Here, i, j, k = 0, 1, 2, 3, and the metrical tensor is gij = diag(1, −1, −1, −1). The ﬁeld operator is presented in the form
Z 3 1 d p −ipx ipx + ϕ(x) = p e cp + e cp , (3) (2π)3/2 2ω(p)
2 2 1/2 + where ω(p) = (m + p ) , px = ωt − px and cp, cp are the annihilation and creation operators satisfying the standard commutation conditions. The vacuum state is deﬁned by
+ cp|0i= 0, h0|cp = 0. (4)
Substituting Equations (1) and (3) in Equation (2) for i = j = 0 and using Equation (4), one ﬁnds
1 Z h0|T (x)|0i = d3 p ω(p). (5) 00 2(2π)3
In a similar way, from Equation (2) at i = j = µ = 1, 2, 3, we obtain the common result for all diagonal components Z 3 1 d p 2 h0|Tµµ(x)|0i = p . (6) 2(2π)3 ω(p) µ It is seen that the quantities (5) and (6) diverge as p4 at high momenta. This is because the stress-energy tensor was not normally ordered with respect to the creation and annihilation operators; otherwise, the zero results would be obtained. As to the nondiagonal components of the vacuum stress-energy tensor, they are equal to zero, h0|T0µ(x)|0i = 0, (7) Symmetry 2019, 11, 314 4 of 9 whether or not the normal ordering procedure is used. Equations (5)–(7) can be identically rewritten in the form of one equation
Z 1 3 pi pj h0|Tµµ(x)|0i = d p . (8) 2(2π)3 ω(p)
Equation (8) is in fact applicable to one degree of freedom of any bosonic or fermionic ﬁeld . In the latter case, the commutation relations for creation and annihilation operators should be replaced with the anticommutation ones and the sign minus appears in front of the right-hand side in Equation (8). Let us have P bosonic ﬁelds ϕ1, ... , ϕP with masses m1, ... , mP and g1, ... , gP degrees of freedom each and Q fermionic ﬁelds ψ1, ... , ψQ with masses M1, ... , MQ and h1, ... , hQ degrees of freedom, respectively. In this case, the vacuum stress-energy tensor takes the form 1 Z P g Q h h0|Ttot(x)|0i = d3 p p p l − l . (9) ij ( )3 i j ∑ q ∑ q 2 2π l= 2 2 l= 2 2 1 ml + p 1 Ml + p
In spite of the fact that this quantity contains both positive and negative contributions, it remains divergent and turns into zero only in the case of exact supersymmetry that is not supported by the experimental data. In the next sections, we discuss the possibility to remove this inﬁnity by means of renormalization.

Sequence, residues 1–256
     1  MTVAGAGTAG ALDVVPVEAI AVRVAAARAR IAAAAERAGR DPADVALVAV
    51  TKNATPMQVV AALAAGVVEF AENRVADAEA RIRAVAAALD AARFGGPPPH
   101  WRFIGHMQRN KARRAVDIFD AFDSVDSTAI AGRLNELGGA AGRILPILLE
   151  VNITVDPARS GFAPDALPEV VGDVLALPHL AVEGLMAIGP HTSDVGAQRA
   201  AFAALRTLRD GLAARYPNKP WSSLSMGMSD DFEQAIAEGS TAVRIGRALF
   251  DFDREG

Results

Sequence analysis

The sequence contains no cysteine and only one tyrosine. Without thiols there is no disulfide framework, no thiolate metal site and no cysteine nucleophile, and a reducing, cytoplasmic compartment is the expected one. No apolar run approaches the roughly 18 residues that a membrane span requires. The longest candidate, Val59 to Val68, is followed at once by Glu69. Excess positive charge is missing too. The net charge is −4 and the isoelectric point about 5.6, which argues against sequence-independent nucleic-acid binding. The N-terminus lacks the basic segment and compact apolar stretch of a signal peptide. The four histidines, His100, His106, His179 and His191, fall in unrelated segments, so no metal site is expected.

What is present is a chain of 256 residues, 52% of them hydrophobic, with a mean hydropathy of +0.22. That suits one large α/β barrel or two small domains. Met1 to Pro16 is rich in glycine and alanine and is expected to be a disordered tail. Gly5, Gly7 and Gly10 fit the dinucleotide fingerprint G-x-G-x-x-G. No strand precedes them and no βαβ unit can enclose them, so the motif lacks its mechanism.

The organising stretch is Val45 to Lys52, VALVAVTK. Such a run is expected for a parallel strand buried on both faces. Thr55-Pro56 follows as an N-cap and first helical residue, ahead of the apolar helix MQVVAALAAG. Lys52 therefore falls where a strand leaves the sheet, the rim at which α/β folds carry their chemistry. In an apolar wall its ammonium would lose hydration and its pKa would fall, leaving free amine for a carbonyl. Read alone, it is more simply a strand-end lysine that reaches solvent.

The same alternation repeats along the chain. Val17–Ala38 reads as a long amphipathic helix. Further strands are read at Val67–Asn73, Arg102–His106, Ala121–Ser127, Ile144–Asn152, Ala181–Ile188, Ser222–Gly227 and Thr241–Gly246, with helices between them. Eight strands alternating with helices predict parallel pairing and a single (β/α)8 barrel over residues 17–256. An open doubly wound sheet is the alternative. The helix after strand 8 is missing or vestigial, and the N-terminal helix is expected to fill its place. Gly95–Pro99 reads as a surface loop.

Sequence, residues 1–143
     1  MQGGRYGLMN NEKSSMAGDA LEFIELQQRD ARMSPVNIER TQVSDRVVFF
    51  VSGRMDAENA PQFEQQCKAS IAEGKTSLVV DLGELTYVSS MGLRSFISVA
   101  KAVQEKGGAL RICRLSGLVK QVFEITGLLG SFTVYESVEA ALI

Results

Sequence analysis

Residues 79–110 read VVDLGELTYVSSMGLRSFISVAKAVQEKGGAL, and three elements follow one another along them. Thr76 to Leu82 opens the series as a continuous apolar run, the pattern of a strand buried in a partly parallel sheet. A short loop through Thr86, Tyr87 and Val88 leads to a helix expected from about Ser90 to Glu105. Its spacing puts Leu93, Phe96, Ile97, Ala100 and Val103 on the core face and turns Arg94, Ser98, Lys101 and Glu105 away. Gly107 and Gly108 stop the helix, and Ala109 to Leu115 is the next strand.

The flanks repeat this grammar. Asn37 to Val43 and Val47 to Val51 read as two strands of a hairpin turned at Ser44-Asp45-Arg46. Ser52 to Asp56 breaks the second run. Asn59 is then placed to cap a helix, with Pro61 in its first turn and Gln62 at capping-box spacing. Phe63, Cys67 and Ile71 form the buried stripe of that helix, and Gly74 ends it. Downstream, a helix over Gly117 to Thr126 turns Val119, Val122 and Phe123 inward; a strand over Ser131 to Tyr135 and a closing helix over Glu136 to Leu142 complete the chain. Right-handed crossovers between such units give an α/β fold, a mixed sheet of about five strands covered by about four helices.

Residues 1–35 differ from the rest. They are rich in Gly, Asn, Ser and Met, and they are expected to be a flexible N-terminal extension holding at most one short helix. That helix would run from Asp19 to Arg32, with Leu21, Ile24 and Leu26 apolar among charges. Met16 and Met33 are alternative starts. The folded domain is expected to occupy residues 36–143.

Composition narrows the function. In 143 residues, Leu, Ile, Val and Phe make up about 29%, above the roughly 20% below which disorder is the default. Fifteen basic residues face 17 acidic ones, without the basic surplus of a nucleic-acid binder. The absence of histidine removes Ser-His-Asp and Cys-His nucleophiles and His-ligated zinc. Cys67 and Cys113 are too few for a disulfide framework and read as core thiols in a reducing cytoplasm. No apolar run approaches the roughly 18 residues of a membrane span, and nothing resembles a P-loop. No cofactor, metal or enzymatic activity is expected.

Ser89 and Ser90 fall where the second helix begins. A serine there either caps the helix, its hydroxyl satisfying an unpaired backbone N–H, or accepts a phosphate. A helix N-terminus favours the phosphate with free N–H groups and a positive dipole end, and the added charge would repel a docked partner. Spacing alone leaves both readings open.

3. Geometric Structure of the Vacuum Stress-Energy Tensor It is a common assumption based on the relativistic covariance that the vacuum stress-energy tensor is proportional to a constant times the metrical tensor. In such a manner, the vacuum energy density can be identiﬁed up to a multiple with the cosmological constant that might be a subject of renormalization similar to some other parameters in quantum ﬁeld theory. Taking into account the fundamental importance of this issue, it seems useful from at least a pedagogical point of view to perform an immediate analysis of the geometrical structure of Equations (6)–(9). This can be made by the method of dimensional regularization . We start with generalization of Equations (5) and (6) to the case of N-dimensional space-time having N − 1 spatial dimensions. From Equation (5), one obtains
1 Z q h0|T (x)|0i = dN−1 p m2 + p2, (10) 00 N 2(2π)N−1 where the volume element and the second power of momentum are given by
N−1 N−1 N−2 2 2 2 d p = p dpdΩN−2, p = p = ∑ pµ (11) µ=1 and the surface element of a unit sphere in (N − 1)-dimensional space is expressed in spherical coordinates as 2 N−3 dΩN−2 = dϕ sin θ1dθ1 sin θ2dθ2 . . . sin θN−3dθN−3. (12) Symmetry 2019, 11, 314 5 of 9
Taking into consideration that all quantities (6) with different µ are equal in value due to the isotropy of space, the generalization of Equation (6) to N-dimensional case takes the form
1 Z p2dN−1 p h0|Tµµ(x)|0iN = p δµµ, (13) 2(2π)N−1(N − 1) m2 + p2 where δµµ = 1 are the diagonal elements of Kronecker’s symbol. Integrating in Equations (10) and (13) with the help of Equations (11) and (12) and the equality
N−1 Z 2π 2 dΩN−2 = , (14) N−1 Γ 2 where Γ(z) is the gamma function, we arrive at
Z ∞ q N−2 2 2 h0|T00(x)|0iN = DN dpp m + p , 0 Z ∞ N (15) DN p h0|Tµµ(x)|0iN = dp p δµµ. N − 1 0 m2 + p2